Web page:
All popular content management systems including WordPress, Joomla and Drupal offer plugins for incorporating Analytics (see next page for a walkthrough). Moonfruit users can add Analytics from the Services menu, while Wix.com Premium users can find the setting in My Account | Manage Premium. For users of Serif’s WebPlus X5 it’s even easier: select File | Site Properties and click the Analytics option. Paste the code into the space provided and update the site.
For online shop owners, hosted shopping carts such as Volusion and BigCommerce can also be linked to Analytics by simply pasting in the tracking code. Of course, such services provide their own metrics, but Analytics offers a far more detailed set of statistics that can be combined with the other information it stores on your site.
Once Analytics is set up, go back to your control panel and verify the code is working correctly. Users of online site creation tools such as Moonfruit may need to wait a few hours before the update takes effect.
Learning about your visitors
Google Analytics lets you compare different types of traffic according to user-defined goals.
Google Analytics begins gathering data as soon as the code is in place. To get to your site metrics, go to http:// analytics.google.com and select the appropriate website. This should load your Audience Overview; set a date range via the dropdown at the top right and use the calendar control.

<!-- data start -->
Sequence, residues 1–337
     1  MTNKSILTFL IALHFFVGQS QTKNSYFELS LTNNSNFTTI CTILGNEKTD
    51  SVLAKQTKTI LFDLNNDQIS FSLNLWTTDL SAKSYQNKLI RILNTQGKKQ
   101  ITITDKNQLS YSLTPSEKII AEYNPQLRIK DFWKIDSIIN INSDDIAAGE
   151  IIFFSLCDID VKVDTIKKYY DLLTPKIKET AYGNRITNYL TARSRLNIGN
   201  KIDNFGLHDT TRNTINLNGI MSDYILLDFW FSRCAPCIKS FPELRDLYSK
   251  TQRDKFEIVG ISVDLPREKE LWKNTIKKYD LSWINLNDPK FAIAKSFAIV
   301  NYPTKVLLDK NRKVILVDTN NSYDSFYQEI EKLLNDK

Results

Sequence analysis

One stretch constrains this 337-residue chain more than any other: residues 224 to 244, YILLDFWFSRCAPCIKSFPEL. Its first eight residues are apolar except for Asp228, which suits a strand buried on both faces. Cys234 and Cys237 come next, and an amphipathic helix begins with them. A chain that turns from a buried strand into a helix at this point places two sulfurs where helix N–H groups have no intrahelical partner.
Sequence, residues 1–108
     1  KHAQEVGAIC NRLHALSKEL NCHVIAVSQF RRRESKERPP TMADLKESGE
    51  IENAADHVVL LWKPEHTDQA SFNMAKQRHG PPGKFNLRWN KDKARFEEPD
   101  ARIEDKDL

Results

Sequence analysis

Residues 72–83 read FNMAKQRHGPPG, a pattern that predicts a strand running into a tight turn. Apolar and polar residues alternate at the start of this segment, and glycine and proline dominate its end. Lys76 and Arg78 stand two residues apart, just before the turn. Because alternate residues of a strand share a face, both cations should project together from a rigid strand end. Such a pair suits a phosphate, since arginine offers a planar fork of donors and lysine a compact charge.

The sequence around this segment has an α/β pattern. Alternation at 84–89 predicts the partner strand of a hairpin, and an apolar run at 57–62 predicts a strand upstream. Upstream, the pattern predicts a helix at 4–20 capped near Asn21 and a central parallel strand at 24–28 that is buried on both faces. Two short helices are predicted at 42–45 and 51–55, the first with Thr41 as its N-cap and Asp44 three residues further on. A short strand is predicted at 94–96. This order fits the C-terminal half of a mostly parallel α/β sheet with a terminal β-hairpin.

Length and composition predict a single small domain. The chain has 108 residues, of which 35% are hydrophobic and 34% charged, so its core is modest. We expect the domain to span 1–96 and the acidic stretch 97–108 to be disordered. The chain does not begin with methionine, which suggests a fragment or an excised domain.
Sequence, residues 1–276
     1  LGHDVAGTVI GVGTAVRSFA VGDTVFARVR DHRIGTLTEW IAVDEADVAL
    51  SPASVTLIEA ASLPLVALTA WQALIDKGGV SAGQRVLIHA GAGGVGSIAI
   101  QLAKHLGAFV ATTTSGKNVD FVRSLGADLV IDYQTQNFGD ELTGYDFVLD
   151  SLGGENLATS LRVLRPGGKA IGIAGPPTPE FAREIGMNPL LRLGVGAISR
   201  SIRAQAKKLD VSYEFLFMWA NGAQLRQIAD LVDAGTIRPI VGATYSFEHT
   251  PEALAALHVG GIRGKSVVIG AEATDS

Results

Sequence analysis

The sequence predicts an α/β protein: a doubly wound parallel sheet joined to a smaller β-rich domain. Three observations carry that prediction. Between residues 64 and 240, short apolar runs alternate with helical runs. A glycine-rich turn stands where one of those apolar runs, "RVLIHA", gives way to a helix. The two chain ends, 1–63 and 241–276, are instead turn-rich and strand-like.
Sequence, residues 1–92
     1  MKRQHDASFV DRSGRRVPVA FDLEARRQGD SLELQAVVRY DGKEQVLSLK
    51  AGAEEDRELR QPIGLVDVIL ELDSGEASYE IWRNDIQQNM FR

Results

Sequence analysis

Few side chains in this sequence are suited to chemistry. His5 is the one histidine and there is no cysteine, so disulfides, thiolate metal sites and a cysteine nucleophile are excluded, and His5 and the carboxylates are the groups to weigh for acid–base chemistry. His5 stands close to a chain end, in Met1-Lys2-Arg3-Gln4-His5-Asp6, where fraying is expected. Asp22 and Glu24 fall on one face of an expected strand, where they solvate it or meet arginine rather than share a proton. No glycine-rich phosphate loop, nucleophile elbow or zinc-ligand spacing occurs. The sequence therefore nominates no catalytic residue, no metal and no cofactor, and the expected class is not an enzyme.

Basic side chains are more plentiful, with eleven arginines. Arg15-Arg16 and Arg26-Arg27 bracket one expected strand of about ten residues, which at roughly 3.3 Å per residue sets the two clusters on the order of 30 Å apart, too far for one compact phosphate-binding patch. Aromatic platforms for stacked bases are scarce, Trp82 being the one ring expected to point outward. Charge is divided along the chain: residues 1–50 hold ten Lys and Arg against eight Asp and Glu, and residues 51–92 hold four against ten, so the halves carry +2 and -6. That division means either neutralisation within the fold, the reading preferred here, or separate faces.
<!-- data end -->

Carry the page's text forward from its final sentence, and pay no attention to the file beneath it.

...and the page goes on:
This overview displays commonly used metrics: visits, unique visitors and page views. In isolation, however, these are pretty meaningless – they’re sometimes called “vanity metrics”. As a website owner, whether you have something to sell or not, your aim is to engage visitors, so you should be more concerned about the average time spent on the site by each visitor, the number of pages viewed per visit and the bounce rate of each page than raw visitor numbers. Quality before quantity is a key principle of successful web development – and Analytics lets you see how you’re progressing.
Analytics also provides a way to monitor the success of your SEO efforts. Select the Traffic Sources menu, then Sources | All Traffic, and you’ll see each traffic source in order of visits – including what proportion of your traffic comes from Google, with AdWords and organic search traffic listed separately. You can see whether the proportions are growing or falling by using the date dropdown set a period with a viable amount of data (usually a month or so). Click the “Compare to past” checkbox and Analytics will compare with the preceding period. Each source has two entries, one for each period, along with a value showing the percentage change and whether it’s positive or negative.
Another useful metric is how quickly pages on your site appear. Select Content | Site Speed and you’ll see a load time in seconds for each page, which helps to quantify the effect of that embedded Facebook stream! For the perfect overview of how your site is being used by your visitors, click Audience | Visitors Flow. This generates a useful infographic, which you can use to follow the paths people use through your site, making it obvious where you need to work on grabbing their attention.